Wednesday, 20 June 2018

30 Days Wild - Day 20

Making the most of these long, light midsummer evenings with a simple fire in the fire pit after dinner, and chocolate bananas for a pre-bedtime snack …


30 Days Wild - Day 19

Great excitement today watching our 5 caterpillars crawl up to the top of their pot where they positioned themselves ready to turn into chrysalises … Such an amazing transformation to observe … We transferred them into the chrysalis station and butterfly habitat and now await their emergence …


30 Days Wild - Day 18

Sometimes the simple pleasures are the best … Playtime beneath a blue sky.

Playgrounds built from wood and natural materials are always the best!


Monday, 18 June 2018

30 Days Wild - Day 17

This morning, my six-year-old was set on making clay models of his favourite creatures: a shark, a jellyfish, a dolphin, a whale, a gulper eel, a butterfly, a duck-billed platypus. There is an oceans theme underlying much of his play and learning at the moment …

In the garden, the first flower appeared on my beautiful passiflora …

And this afternoon, smallest son and I sat down to watch a documentary about orang-utans: Red Ape - Saving the Orangutan. My son has loved orangutans from babyhood, and wanted to watch this although I said some scenes might be upsetting. They were. It reminded us again about the reckless destruction of Borneo's rainforests, and the relentless onslaught of palm oil plantations, row upon row of palm trees, from horizon to horizon, as far as the eye can see. Homeless and orphaned orangutans in their hundreds. And still the global market demands more, more of this madness. Please watch the programme. Please check your supermarket products for palm oil, and refuse it or demand sustainably sourced. It is in most margarines, and most snack and processed foods. It is in some breads. It is in Cadbury chocolate, much to my dismay. It is in many cosmetics and beauty products. Be warned. Awareness of this product could seriously change your shopping habits!


"Y1 should be like early years, not vice versa."

I've been saying this for years … Yet the DfE still seems to be going in the wrong direction …

"Y1 should be like early years, not vice versa."
"It shouldn't be about children being ready for school, but schools being ready for children," writes Aidan Severs.

Read the full article HERE.

Saturday, 16 June 2018

Tougher Maths GCSE is calculated to multiply stress and failure

Revamped exams for 15-year-olds are retrograde and will hurt less able students, argues Kenneth Baker (Conservative peer and former Education Secretary) in The Financial Times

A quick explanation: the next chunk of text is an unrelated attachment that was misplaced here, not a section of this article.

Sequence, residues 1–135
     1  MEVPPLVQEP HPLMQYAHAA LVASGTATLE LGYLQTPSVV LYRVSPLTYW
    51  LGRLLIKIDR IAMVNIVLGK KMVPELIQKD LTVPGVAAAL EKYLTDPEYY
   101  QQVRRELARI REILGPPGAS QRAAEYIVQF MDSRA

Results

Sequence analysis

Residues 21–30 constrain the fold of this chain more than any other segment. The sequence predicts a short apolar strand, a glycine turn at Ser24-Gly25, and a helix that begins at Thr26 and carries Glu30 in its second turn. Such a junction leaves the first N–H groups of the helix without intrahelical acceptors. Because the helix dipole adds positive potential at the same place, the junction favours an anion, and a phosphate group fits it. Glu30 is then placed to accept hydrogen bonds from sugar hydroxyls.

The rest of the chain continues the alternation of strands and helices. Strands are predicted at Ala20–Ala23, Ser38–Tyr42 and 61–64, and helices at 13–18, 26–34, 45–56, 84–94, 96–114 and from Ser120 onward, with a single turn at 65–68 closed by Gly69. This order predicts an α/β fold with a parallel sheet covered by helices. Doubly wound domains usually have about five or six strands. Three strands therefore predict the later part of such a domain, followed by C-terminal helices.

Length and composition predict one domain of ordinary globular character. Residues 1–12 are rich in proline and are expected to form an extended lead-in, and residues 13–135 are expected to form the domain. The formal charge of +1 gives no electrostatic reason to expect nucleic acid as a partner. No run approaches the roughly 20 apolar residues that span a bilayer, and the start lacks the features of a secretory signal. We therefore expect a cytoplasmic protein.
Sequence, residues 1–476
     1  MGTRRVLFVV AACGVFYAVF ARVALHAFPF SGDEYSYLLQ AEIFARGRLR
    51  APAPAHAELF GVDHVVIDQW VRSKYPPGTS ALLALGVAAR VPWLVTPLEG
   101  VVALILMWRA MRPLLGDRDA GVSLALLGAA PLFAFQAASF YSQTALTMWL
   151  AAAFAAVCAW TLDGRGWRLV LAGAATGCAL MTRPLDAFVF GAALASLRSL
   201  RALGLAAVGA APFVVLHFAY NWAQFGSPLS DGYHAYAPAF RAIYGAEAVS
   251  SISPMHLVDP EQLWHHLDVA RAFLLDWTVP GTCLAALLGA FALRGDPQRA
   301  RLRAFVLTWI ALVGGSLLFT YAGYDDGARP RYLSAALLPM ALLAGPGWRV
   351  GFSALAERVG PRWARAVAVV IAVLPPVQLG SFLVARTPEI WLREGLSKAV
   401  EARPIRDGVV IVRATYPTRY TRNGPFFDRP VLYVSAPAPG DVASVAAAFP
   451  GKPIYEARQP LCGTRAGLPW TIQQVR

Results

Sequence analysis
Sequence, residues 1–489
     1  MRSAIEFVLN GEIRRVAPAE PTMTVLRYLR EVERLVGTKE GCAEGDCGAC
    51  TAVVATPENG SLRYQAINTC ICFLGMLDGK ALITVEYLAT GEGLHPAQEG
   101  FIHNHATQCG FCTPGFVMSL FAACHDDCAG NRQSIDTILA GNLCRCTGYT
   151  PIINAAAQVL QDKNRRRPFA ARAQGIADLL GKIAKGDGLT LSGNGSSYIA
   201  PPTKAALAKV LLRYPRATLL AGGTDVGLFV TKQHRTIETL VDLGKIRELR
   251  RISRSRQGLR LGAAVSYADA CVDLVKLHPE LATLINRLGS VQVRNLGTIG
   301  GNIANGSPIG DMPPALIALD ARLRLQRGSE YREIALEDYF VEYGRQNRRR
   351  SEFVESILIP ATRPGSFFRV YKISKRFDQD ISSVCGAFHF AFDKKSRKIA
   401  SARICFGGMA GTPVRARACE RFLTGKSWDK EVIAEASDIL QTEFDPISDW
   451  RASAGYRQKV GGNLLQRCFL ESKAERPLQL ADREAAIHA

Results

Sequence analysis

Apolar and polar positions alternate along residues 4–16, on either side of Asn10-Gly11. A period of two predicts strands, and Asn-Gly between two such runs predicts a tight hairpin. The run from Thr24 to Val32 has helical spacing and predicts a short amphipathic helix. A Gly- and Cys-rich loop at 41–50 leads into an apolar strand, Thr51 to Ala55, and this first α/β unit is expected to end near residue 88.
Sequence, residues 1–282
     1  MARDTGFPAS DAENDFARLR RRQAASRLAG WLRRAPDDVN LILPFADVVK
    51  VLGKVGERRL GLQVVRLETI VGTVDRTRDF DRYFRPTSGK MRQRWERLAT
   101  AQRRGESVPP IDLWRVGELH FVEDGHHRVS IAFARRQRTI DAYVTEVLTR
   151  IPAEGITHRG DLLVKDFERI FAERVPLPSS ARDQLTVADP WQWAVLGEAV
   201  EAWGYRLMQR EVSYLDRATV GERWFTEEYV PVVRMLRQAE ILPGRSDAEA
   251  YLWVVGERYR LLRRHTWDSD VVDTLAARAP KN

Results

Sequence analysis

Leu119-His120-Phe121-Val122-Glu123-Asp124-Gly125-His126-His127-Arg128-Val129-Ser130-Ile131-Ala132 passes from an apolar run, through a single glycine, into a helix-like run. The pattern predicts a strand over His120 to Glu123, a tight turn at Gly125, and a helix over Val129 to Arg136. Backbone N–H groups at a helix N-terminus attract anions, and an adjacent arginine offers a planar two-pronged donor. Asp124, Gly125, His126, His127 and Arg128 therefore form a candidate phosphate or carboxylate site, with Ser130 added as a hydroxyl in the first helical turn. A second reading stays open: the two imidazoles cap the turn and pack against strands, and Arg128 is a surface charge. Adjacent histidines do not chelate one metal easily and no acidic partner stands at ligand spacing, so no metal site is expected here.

Read the full article HERE.

30 Days Wild - Day 16

There was a Wildfest event at one of our local Wildlife Trusts today, so my six-year-old and I went along this morning.

We had a busy day today, so couldn't stay long, but he got to bash out some leaves and flowers on to a piece of cloth to create a unique art work, and to craft a clay hedgehog, which he enjoyed.


Friday, 15 June 2018

30 Days Wild - Day 15

We have been involved for some time in a community allotment. It is a great way to learn from others and to enjoy the pleasures of an allotment without the full responsibility, which I would find overwhelming.

It is good to be part of a team, to learn more about growing things from folks more knowledgeable than I, to enjoy tilling the earth and observing the turn of the seasons.

I have found it to be a wonderful space for reflection and prayer, and for friendship to grow. And my boys enjoy it. We haven't had as much time to give recently, but today's random act of wildness involved going up to water the allotment, and to gather ripe strawberries …

There are several community allotments in our city, so if you have thought of getting an allotment, but worried you'd be taking on more than you could manage, maybe you can find a similar project near you.

30 Days Wild - Day 14

Elderflower Cordial
Recipe from River Cottage

Makes about 2 litres
About 25 elderflower heads
Finely grated zest of 3 unwaxed lemons and 1 orange, plus their juice (about 150ml in total)
1kg sugar
1 heaped tsp citric acid (optional)

Inspect the elderflower heads carefully and remove any insects. Place the flower heads in a large bowl together with the orange and lemon zest. Bring 1.5 litres water to the boil and pour over the elderflowers and citrus zest. Cover and leave overnight to infuse.